Borrowing from Persian and, possibly Zoroastrian, beliefs, rewards and punishments will also occur in a life to come. If God is just, God’ll get you – or reward you – if not now, later. Gehenna, a trash heap, constantly burning became the symbol of hell, waste management for persons ethically wasted.
For Christianity the resurrection of Jesus became the model for our own everlasting life. Most serious biblical theologians – translation: those who agree with me – do not accept the historicity of Jesus raising the dead or being raised. In response to the question raised by Job: “If people die, will they live again?” Spong states: “My answer is yes.” But if heaven and hell are rejected, how so? The best he can do is to declare: “We are finite but share in infinity, mortal in immortality, a being but share in being itself,” – a somewhat amorphous sense of oneness with the universe, it seems. Sex – absent, now harps, wings, crowns, pearly gates, all gone. Hymnology remains, Larry – in a manner of speaking.
Spong’s concept of eternal life is a possible lose/lose conclusion. It won’t satisfy Billy Graham who, at 95, fully expects to meet Ruth any day now – nor satisfy those who reject any concept of eternal life.
May I suggest a possible win/win alternative? Belief in eternal life is either true or false. Some conclude it is a mystery. But doesn’t that just mean that it is a mystery whether true or false? Are you telling me that heaven doesn’t exist? No, I said it’s a mystery. Then you’re telling me it possibly exists. No, no – I said it’s a mystery. It seems that mystery loves company.
If false, we have lived a life of illusion, even if comforting. Rabbi Gellman’s priest cohort once concluded that if a psychic gets in touch with the dead and assures us that our loved ones are blissfully happy and eagerly awaiting our arrival, why shouldn’t we offer such comforting assurance? Grieving relatives face desperate loss. They need comfort. Why be heartless and deny their deepest need? But, is psychic or tooth-fairy comfort, religious narcotics designed to dull pain, bought at too high a price?
Some people might respond: “ I’ve lived my whole life doing charitable deeds in order to get to heaven and refrained from doing certain things in order to miss hell.” Shouldn’t we do them because they contribute to justice, truth, and love – or refrain because they harm others and ourselves?
We don’t need to spend energy refuting obituary statements of comfort. We simply need to decide for ourselves where truth lies. Some are free to be “fiddlers on the roof” – “tradition” is hard to overcome. Others may be seekers – still open to sorting out the options, pondering, like the Virgin Mary. Others will embrace the concept expressed in the Jewish toast – l’chaim, to life – embracing, celebrating life now, not later. Troubles, yes, demons lurking, in a manner of speaking, but, l’chaim, to life.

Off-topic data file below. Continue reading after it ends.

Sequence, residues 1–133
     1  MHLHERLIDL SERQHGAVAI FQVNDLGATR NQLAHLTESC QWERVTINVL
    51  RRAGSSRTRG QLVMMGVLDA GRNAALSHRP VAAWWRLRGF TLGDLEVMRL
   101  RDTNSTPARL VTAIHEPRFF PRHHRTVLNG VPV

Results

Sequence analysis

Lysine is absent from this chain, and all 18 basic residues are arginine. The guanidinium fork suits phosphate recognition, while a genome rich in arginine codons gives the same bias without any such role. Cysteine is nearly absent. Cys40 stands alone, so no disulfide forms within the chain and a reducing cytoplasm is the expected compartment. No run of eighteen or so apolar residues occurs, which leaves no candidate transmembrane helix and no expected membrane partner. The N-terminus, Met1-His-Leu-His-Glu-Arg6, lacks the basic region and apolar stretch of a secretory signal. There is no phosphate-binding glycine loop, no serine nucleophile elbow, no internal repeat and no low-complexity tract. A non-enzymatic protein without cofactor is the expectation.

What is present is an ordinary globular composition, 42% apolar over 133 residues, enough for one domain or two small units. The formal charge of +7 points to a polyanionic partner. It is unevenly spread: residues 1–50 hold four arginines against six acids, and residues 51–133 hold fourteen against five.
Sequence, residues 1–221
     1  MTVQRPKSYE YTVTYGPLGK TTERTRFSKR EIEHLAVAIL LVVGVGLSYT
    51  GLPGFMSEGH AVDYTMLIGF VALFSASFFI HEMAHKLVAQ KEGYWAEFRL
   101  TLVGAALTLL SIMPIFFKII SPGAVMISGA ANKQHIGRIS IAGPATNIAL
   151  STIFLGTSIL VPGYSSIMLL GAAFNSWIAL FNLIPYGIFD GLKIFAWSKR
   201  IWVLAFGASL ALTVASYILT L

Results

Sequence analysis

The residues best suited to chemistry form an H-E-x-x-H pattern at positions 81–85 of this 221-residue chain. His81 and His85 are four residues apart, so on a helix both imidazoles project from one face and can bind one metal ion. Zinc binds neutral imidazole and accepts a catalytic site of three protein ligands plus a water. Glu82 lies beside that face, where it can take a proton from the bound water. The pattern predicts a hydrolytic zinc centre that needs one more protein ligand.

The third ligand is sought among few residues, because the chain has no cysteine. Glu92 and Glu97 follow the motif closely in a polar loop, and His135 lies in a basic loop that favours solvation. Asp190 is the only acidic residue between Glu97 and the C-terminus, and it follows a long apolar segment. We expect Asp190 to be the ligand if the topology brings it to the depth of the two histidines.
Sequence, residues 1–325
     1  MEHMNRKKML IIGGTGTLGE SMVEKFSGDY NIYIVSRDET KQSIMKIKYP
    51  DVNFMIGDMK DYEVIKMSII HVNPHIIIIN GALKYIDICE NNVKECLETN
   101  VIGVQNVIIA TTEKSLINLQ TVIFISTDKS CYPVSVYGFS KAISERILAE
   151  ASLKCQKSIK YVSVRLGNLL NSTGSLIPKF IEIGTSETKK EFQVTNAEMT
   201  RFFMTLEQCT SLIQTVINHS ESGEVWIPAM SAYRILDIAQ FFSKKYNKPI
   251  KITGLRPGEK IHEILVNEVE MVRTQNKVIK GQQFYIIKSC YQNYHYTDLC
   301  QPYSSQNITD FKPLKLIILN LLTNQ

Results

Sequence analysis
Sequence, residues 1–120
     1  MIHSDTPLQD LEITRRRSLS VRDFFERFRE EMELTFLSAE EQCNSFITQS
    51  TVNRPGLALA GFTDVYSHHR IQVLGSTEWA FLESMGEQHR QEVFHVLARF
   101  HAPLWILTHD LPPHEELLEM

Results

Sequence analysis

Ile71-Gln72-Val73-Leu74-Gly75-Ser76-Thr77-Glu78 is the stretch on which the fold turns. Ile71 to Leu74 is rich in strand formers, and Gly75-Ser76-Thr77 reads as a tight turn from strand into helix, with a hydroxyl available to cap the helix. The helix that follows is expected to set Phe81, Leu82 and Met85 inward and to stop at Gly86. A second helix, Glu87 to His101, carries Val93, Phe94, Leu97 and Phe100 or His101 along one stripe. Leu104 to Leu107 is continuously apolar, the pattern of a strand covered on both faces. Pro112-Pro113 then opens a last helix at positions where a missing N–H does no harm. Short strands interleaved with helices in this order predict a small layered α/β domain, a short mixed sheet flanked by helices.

Increasingly, funerals have become celebrations of the life of the deceased. We endure in memory – and in the causes for which we fight and the energy devoted to creative, ennobling pursuits. Memory, as when Pullen recites the names of local and international saints at each All Saints day worship service or in Judaism, when family remembrances are preserved in written form and memorialized in YIZKOR, a sacred memorial service. Nancy has a commendable gift of including family recollections and memories which become a central theme in the memorial service.
Win/Win means that if we dismiss heaven and reunion with loved ones, or even an uncertain immortality we have lived without illusion, a commendable, though rare, lifestyle. If, however, my conclusion is incorrect and we have lived to make THIS WORLD “a better place,” – a life of “breaking good” – no deity with whom we might wish to spend eternity would exclude us from eternal life for erroneous but honest truth-seeking. Possible loss? – comfort gained by illusion. Possible gain? – a world on its way to becoming “a better place.”
In Jesus’ parable of the Last Judgment – a parable, not an actual future event – people are separated, like sheep and goats, good and bad. On what basis? Not correct belief – the Virgin Birth, raising the dead – but, rather, in answer to the question: “what did you do? I was hungry, sick, poor – what did you do to make this world a better place?
Raleigh and, God knows, NC are in need of being made “a better place” – fighting for justice, racial equality, women’s equality, gay equality, championing the cause of the poor – changing the world. Today, 85 individuals own more wealth than the other 3.5 billion world-wide. Charity will only provide a band-aid for millions of malnourished children, families losing the battle against poverty. The system?
You or I cannot do this alone. You need to be a member of an organization involved in making this world “a better place.” I’ll suggest a name: Pullen. Every cause that Pullen supports for peace and justice magnifies the strength of our individual efforts. We accomplish more together than alone.
In February we celebrate 22 years of a congregational decision for gay marriage that continues to help change the world. You know the history, the pain and the joy of standing up on the right side of history and of justice. In Alaska I met persons who knew about Pullen’s voice and actions for social justice.
Finally, may it be said of each of us at our memorial service – soon or late –
“He, or she, lived a life characterized by being thoroughly committed to making THIS WORLD – by a variety of means – A BETTER PLACE.
Outright heresy or thinking truth and living love? You decide.